12th October 2021
It's a Tuesday and we're at The Sovereigns with the Woking Gaming Club.
The first game of the evening was Sushi Go Party!. The big brother and follow up of the excellent Sushi Go!, if you've not read it, check out my blog about Sushi Go! here and then come back.
I'm not going to talk too much about Sushi Go Party!, other than where it's different to Sushi Go!. Mechanically, it shares almost exactly the same blend of drafting and set collecting rules as its predecessor. What Sushi Go Party! brings is a bunch of new cards with new ways to collect sets and/or score points.
In fact, Sushi Go Party! brings so many new cards to the game, that they can't be all used at the same time and introduces the concept of menus. More on menus below.
What's in a game?
The components in Sushi Go Party! are all pretty good, the tiles and board feel sturdy enough and the cards made well enough.
The game maintains the same excellent, cheerfully colourful illustrations of cartoonish looking food as it's predecessor. If it ain't broke...
There's not much iconography to the game, it's mostly just numbers.
How's it play?
It plays almost identically to Sushi Go!, the same take-a-card and pass-your-hand and set collecting mechanics played over 3 rounds that made the original so good are found here.
Sushi Go Party! only differs in 2 ways.
In setup, Sushi Go Party! requires the players to create a menu from the available sets of cards. This consists of the nigiri cards (Which are used in every game.), 1 rolls set, 3 appetiser sets, 2 specials sets and a dessert set. The rules provide a large, varied list of menus to use. I guess there's nothing stopping players from creating or randomly selecting their own menus.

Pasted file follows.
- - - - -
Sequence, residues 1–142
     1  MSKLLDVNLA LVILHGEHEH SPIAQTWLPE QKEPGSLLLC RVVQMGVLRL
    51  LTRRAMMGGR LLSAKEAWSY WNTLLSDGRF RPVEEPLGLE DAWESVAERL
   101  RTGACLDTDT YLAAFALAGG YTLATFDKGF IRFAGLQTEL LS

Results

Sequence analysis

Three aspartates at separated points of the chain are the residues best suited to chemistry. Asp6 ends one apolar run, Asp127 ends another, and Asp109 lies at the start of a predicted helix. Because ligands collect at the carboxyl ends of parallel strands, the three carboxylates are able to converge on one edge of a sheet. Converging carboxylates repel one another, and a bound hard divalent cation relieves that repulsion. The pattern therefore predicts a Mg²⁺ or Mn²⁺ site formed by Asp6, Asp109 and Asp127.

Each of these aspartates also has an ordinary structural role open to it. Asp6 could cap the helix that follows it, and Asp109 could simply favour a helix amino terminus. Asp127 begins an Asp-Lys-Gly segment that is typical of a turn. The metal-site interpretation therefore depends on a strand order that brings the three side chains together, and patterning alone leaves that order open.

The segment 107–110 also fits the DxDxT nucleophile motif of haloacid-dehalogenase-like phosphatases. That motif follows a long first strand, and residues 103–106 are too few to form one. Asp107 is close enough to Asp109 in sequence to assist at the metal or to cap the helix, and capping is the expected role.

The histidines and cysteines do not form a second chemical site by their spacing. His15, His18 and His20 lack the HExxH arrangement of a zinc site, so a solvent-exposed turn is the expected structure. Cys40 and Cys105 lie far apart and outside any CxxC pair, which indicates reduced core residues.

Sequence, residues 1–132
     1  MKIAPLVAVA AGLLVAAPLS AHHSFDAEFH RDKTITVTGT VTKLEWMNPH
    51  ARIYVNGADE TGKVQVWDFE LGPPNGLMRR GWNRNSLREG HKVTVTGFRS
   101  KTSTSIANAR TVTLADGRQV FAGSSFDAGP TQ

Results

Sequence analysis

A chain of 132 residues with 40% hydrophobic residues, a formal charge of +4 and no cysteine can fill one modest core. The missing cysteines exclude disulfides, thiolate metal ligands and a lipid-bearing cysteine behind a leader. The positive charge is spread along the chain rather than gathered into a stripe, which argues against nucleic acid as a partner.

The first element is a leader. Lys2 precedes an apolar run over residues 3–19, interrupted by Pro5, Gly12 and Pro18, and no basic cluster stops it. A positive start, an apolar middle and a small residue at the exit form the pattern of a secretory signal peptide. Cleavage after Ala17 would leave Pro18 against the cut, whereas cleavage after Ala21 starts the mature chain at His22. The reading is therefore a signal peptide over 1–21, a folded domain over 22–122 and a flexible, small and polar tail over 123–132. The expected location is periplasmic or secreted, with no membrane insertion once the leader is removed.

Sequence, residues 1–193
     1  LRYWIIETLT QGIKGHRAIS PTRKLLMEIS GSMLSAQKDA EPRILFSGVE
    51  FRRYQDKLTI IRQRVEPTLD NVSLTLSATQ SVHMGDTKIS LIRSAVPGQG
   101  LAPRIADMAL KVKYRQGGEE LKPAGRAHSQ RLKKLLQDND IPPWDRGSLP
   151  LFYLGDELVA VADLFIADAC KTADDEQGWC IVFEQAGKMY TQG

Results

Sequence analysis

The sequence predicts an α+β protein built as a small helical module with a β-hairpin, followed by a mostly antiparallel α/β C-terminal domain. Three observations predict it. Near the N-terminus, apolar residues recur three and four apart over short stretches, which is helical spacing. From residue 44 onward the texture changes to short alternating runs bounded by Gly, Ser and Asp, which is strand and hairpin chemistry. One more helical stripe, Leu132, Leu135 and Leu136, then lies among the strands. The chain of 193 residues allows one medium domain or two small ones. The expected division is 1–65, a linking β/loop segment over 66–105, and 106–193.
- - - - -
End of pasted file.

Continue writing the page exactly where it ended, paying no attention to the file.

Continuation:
After the menu has been finalised, the relevant tiles are placed into the relevant recessed spots on the board so that all players can see what sets will be in the game.
Finally, all the sets in the menu are shuffled together into a face down deck and dealt out to players as per the rules.
The second difference: In Sushi Go!; the game goes through the deck without reusing it, i.e., at the end of a round, all played cards are scored, then discarded out of the game - except for puddings of course.
But in Sushi Go Party!, the played cards are shuffled back into the deck, along with more pudding cards to balance out any that were taken players. Then the reshuffled deck is reused in the next round.
It's a subtle difference, but it technically makes Sushi Go Party! a tiny bit more predictable as the composition of cards in the deck will 'reset' from round-to-round. Whereas in the original, once they're played, they're played.
If you like Sushi Go!, you'll like Sushi Go Party!, no doubt about it and if you play Sushi Go! a lot, then this is probably also worth playing, the extra cards go a long way to increasing the game's longevity.
But there's something that makes Sushi Go Party! less appealing than its predecessor and I think it's immediacy.
Sushi Go! is pretty much the epitome of a quick, pick-up-and-play game; shuffle the cards, deal them out to players and you're ready to go. Clean up after the game end involves collecting the cards and putting them away.
Conversely, in Sushi Go Party!; the board must be set up, a menu agreed upon and placed the relevant tiles placed on the board, then the pertinent card sets must be taken from the available sets, only then can they be shuffled and dealt to players. It doesn't end there though, when Sushi Go Party! is over, all cards must be put back into their sets before packing away.
Not only that, Sushi Go Party! by necessity comes in a bigger tin, while the original is compact enough to fit in coat pocket.
Gone is the portability and convenience.
It sounds like I'm dissing Sushi Go Party! but I'm not, it's a great game. It's just that I don't feel the need to play it over the original, it doesn't offer a different enough experience to warrant the extra effort.
However, like I said, if you play a lot of Sushi Go!, you should give this a try and if you've never played Sushi Go! or this, then you should definitely try one of them.
I play, I paint.